Hello! What's your background and what do you do?
Hi! My name is Olav, and I’m the Head of Data Science at KONUX, an IoT/AI startup based in Munich, that enables intelligent infrastructure for the rail industry.
I’m a statistical physicist by training, and did my PhD applying those techniques to neuronal networks in the brain, to understand what we can learn about our internal wiring. Beyond that I’m a startup person, founded my first company when I was 18 and have worked in numerous startups since. I just love the speed, the flat hierarchies and the learning curve.
How was your transition from software development to management like?
So I never formally worked as a software developer, only during internships at the university. I guess you could say that I learned professional-level development by working with the people that I later led as a manager.
For me management started when, based mostly on those research internships and working at a management consultancy, I was asked to lead an 8-months Ruby on Rails project with 2 developers for a consultancy that didn’t until then have software know-how in house. That was definitely a learning experience, but in a good way.
That experience, plus a PhD in a relevant field got me my first position as a CTO (Chief Technology Officer) for a small but rapidly growing startup in Munich, where I built and led the development and data teams for almost 3 years. In that time the company grew from 7 to 90 people. In many ways this was where I learned management for real, and I was working long hours and most weekends to make up for my lack of experience. There was a lot to learn: I had to understand to give architectural directions to a team, work with remote teams, understand agile, and how to not take criticism personally, just to give a few examples. I personally enjoyed this time very much.
What does your day-to-day work look like, and what motivates you to do it every day?
The team is now 12 people and growing quickly, so in terms of my management role this is the next level of indirection: I’m not only not doing development any more, I’m also not typically involved in the regular agile meetings. Instead, I focus more on the long term strategic things that we do as a team: Find ways for us to explore new research directions and define processes that accelerate the team. Explore partnerships for the company. Understand new technologies or data sources that could help the team in the coming months and years, sometimes even form a small team to prototype a research idea.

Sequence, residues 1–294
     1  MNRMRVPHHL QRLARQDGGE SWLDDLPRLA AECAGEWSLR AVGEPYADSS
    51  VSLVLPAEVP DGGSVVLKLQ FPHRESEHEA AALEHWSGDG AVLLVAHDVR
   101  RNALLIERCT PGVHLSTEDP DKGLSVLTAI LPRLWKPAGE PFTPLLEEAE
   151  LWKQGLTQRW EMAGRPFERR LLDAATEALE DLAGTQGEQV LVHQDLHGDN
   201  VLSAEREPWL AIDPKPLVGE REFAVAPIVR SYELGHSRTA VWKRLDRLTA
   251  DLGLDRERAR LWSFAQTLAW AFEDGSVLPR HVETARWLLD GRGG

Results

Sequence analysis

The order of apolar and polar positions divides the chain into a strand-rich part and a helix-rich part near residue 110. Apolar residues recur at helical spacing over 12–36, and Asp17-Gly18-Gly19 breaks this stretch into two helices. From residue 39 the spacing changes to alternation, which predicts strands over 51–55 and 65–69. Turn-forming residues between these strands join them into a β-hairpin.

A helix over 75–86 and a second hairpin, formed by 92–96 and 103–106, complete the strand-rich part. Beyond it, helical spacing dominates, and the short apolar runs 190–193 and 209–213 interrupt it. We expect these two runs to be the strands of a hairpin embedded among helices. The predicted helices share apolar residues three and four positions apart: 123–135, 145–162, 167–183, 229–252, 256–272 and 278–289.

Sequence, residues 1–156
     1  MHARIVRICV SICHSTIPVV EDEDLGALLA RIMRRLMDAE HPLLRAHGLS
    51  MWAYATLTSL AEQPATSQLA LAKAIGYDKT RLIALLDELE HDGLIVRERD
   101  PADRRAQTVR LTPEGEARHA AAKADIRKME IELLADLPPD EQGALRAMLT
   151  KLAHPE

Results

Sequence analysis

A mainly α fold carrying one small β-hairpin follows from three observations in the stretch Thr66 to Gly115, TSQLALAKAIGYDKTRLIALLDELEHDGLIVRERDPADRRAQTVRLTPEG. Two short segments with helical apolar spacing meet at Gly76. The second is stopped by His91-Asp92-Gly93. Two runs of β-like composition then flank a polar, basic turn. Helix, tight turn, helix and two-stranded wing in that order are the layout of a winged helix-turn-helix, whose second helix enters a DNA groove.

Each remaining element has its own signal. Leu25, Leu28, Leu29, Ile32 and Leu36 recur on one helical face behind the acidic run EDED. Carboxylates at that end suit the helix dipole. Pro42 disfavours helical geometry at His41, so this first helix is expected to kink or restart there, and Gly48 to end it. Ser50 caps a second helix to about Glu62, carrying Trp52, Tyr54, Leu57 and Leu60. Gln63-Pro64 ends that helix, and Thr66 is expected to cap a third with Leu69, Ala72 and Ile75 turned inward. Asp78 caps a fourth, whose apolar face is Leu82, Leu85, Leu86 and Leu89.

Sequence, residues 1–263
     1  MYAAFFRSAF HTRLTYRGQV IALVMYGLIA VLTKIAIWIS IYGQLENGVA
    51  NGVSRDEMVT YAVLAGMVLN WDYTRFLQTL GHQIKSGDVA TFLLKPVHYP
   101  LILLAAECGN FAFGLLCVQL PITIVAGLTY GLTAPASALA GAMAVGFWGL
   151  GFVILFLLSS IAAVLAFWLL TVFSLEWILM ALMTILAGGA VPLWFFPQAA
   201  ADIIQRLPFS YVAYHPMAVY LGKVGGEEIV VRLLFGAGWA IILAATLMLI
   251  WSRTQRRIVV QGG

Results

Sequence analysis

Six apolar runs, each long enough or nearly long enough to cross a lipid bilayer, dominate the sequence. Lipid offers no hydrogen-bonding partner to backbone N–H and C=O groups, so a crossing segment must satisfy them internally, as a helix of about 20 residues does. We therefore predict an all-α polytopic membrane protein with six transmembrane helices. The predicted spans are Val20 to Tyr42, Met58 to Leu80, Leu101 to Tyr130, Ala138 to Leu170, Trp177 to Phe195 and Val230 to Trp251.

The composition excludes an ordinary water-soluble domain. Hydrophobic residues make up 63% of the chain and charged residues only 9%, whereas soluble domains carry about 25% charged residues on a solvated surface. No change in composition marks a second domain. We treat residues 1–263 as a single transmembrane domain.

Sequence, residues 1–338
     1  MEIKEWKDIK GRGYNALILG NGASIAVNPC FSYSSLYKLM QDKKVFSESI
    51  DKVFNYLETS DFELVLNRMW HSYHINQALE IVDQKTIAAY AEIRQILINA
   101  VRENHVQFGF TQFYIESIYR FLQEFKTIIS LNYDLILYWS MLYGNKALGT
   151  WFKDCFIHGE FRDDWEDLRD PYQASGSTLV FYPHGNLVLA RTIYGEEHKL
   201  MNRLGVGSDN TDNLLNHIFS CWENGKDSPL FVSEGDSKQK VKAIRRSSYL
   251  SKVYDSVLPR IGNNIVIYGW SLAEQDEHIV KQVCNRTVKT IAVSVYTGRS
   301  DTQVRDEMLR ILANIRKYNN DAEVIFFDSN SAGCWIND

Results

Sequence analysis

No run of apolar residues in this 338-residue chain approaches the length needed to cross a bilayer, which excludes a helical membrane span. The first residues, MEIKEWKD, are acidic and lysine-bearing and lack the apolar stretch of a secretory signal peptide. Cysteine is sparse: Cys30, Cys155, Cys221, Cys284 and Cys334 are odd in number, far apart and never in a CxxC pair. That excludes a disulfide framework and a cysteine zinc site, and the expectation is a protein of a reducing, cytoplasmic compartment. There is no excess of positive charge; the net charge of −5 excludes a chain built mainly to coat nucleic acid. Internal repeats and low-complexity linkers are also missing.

A big part is of course helping everyone in the team to grow individually in terms of tech and soft skills, in 1-on-1s and otherwise. One of the joys of doing that is that I get to teach younger developers the principles of coding, typically in the context of code reviews or architecture discussiones.
Beyond that, I am talking to the rest of the company in order to align with everyone about where we are headed. Typically about half of the day I’m in meetings, with the other half I am at my desk and am available for discussions with anyone in the team or the company.
What are the biggest challenges you've faced so far? What did you do to overcome them?
In terms of software, a big challenge was knowing which tech debt to work on first. Most projects have bigger architecture questions that can be quite challenging to figure out, especially when you are less experienced and are not 100% sure about the high-level goals.
One of the interesting aspects of working in a smaller startup, as opposed to a corporate, for example, is that there is usually not someone there that you can teach you how to do it. Thus it is crucial to have a network of peers that you can discuss your ideas with. Meetups, conferences and the networks of investors can be priceless for that.
What's the best advice you've received about being a manager?
Should I ever write a book on management then this would be the first rule: Don’t do stuff yourself. As soon as you have a small team then your individual contribution does not really matter any more. What matters is that you provide the right compass and make everyone on the team better and faster.
Beyond giving direction, your primary role as a manager is to amplify the team, and way too many managers are stuck in doing things themselves rather than delegating. I’ve witnessed this so many times even from a lot of smart people that should really know better.
What do you tell developers who are considering making the switch or new to the role?
Try it out! Maybe volunteer for onboarding new colleagues, supervise an intern, or take over some of the more project management tasks in the team like analyzing team velocity. Management is not for everyone, and the days where you could only get a good salary trajectory in management are mostly over.
If you’re like me then you’ll find out you love teaching and building talented teams and find that the lever regarding output is so much bigger than as an individual. But go out and see for yourself!
What’s important to understand up front is that the skill set to succeed as a manager is quite different from the one that makes a great software developer. The focus is on communication, empathy, strategy, teaching, process thinking. The technical skills are just required to get there.
Final call to action! Where can we go to learn more about you?
Well definitely check out KONUX! We’re always hiring, and it’s a very cool company in one of the most beautiful and liveable cities on the planet. If you have any questions, feel free to get in touch via LinkedIn.